Lead is a natural metal found in the earth. Lead was used in gasoline until the 1980’s. Heavy traveled roads still contain lead from the cars and trucks. Lead-based paint was used in and on homes before 1978. The paint chips, peels or cracks releasing fine dust particles in the soil or in the home. There may be lead in the water pipes made from lead or soldered at the joints. Lead dust can get into your home and car if someone works in jobs such as construction, painting, battery production and car repairs. Hobbies can be a source of lead dust, such as making bullets, fishing sinkers, and stained glass. Consumer products such as spices, pottery, antique dishes, make-up, toys and many other items can be the source of lead. To get more information on lead sources go to the Sources of Lead webpage.

What is Childhood Lead Poisoning?

Lead poisoning occurs when a child is exposed to lead dust from their environment that enters their bodies through their mouth from contaminated hands, snacks, or toys. Children under the age of six are at the greatest risk for lead poisoning due to their normal hand-to-mouth activity. These young children explore their world with their hands and mouths, putting them at high risk for lead poisoning. Often their toys, snacks and hands have lead dust on them. Children have been known to swallow paint chips or flakes. Many children are exposed to lead dust from house renovation projects that stir up lead dust that is not properly contained and cleaned up.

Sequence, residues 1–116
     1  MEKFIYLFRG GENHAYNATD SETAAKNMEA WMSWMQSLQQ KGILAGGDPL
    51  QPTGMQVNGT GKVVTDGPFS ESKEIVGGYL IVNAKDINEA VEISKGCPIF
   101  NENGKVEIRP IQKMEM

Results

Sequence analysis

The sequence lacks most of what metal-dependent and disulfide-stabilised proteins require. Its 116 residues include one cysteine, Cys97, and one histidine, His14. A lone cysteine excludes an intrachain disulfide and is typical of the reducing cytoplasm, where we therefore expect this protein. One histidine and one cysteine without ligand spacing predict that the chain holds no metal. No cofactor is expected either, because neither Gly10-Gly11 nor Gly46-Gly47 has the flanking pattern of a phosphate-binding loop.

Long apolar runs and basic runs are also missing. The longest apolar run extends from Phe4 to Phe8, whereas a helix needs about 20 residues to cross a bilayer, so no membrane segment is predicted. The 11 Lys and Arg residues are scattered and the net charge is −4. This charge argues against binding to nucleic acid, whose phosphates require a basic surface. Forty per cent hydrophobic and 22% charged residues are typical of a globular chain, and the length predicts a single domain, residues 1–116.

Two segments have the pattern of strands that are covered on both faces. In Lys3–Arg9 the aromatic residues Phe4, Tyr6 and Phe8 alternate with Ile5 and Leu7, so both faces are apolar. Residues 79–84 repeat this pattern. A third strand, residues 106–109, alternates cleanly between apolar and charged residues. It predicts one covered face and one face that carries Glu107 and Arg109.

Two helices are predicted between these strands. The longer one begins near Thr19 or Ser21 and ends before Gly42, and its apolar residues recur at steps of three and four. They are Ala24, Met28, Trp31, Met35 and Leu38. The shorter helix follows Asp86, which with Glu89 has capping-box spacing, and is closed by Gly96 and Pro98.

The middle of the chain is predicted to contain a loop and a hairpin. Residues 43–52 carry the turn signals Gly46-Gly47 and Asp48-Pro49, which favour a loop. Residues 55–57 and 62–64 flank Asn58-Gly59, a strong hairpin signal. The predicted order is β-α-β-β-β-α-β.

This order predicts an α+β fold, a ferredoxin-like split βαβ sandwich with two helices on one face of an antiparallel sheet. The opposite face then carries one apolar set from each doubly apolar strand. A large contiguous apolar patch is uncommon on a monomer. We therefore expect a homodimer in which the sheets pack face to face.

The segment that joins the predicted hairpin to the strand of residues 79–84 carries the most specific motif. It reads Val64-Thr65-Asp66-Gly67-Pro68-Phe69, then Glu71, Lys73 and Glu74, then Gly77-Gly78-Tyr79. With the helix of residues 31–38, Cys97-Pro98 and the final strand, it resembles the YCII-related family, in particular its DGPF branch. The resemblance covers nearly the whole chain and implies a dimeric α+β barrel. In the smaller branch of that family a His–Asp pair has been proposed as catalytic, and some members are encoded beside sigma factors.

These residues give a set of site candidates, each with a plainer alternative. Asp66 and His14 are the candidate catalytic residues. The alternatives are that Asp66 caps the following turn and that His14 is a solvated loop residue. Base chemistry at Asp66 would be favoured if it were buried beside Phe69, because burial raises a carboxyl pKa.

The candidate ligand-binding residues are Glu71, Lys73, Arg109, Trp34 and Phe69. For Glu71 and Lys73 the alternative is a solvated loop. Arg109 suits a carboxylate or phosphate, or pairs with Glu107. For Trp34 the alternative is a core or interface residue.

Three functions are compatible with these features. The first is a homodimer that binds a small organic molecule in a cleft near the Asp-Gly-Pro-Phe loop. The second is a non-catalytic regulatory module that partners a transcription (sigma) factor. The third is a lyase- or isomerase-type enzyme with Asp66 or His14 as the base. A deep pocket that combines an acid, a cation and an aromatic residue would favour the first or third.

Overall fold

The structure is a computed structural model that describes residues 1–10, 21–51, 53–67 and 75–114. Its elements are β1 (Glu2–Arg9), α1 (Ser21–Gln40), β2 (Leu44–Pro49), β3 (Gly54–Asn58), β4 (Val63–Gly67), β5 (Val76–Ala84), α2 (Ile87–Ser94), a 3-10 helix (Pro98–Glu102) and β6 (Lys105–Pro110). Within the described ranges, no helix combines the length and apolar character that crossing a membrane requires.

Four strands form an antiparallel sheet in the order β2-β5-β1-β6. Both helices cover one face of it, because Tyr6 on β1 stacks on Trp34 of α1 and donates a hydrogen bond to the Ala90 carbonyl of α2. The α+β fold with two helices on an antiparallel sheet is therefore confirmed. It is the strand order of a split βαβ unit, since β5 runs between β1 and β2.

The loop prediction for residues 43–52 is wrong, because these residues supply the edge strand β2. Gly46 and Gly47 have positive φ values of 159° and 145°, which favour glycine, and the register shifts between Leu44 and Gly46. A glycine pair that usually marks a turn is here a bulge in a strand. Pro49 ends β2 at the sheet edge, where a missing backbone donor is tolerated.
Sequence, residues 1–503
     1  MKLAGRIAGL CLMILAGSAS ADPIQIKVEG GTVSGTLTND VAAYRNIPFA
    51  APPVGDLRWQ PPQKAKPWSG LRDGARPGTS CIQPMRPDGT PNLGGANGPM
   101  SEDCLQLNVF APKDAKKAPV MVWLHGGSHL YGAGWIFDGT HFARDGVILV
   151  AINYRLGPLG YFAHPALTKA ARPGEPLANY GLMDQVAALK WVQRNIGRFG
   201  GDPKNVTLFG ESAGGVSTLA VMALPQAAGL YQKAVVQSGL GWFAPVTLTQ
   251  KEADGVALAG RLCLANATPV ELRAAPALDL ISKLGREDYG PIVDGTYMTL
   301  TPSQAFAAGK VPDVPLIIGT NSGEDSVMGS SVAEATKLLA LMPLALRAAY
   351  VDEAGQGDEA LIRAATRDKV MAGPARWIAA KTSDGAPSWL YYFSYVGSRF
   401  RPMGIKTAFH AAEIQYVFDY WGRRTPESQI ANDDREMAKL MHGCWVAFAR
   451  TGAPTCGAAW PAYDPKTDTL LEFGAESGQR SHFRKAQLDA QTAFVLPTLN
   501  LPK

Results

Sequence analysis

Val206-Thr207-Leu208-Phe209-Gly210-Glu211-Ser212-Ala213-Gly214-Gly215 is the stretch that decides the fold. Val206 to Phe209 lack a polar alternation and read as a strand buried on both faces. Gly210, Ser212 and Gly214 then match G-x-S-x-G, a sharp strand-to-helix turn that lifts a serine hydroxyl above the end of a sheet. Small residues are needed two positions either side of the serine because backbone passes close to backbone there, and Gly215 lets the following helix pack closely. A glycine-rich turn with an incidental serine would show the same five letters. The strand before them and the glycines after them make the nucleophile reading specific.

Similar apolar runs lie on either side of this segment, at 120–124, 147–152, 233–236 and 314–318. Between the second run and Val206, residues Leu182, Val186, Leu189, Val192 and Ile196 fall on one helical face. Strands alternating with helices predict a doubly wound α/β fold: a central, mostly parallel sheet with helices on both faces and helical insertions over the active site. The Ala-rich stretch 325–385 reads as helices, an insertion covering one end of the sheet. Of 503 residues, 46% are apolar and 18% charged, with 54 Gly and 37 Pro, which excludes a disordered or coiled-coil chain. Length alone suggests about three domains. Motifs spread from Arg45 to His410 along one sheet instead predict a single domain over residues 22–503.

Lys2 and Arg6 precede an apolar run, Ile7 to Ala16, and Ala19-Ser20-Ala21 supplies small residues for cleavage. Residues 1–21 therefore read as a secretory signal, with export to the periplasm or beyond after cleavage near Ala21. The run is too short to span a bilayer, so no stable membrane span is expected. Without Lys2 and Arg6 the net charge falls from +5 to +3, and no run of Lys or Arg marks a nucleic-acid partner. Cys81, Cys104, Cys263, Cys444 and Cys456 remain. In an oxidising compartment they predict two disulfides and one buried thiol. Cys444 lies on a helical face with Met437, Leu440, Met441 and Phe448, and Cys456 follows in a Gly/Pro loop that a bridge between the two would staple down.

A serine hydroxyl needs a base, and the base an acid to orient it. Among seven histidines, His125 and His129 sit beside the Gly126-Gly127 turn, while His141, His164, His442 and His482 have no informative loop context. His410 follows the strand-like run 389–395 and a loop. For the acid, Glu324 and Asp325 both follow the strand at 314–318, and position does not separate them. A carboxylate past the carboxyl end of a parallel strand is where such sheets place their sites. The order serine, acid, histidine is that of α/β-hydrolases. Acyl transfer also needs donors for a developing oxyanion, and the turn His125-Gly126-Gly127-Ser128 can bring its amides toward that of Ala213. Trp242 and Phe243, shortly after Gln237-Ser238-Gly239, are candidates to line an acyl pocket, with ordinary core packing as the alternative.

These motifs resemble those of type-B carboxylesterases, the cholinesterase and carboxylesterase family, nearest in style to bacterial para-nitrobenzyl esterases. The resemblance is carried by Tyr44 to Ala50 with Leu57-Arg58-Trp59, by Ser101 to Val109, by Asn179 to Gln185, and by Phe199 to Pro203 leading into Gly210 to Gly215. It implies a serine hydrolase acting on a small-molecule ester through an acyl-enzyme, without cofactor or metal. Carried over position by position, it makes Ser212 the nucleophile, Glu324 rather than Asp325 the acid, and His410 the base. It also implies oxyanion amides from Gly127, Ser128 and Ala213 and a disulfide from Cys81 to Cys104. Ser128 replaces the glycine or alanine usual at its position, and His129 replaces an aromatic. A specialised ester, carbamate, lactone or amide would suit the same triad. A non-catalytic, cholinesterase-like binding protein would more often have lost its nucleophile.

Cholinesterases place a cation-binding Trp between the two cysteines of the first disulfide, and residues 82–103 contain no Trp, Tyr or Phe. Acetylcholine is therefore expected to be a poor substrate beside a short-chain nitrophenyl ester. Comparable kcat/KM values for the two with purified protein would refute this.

How can lead affect my child?

Lead affects almost every organ and system in a child’s growing body. Very small amounts of lead can affect their still developing brains and other parts of their nervous system. Lead in a child’s body can slow down growth and development, damage hearing and speech, cause behavior problems and make it hard to pay attention and learn.

How do I know if my child has lead in his or her blood?

Most children do not look or act sick when they have been exposed to lead. A blood test is the only way to find out if your child has been exposed to lead. Talk to your child’s doctor about having your child tested at one and again at two years old. Children who were not tested at those ages should have a test between 3-6 years of age. A small amount of blood will be taken from the finger, toe or arm.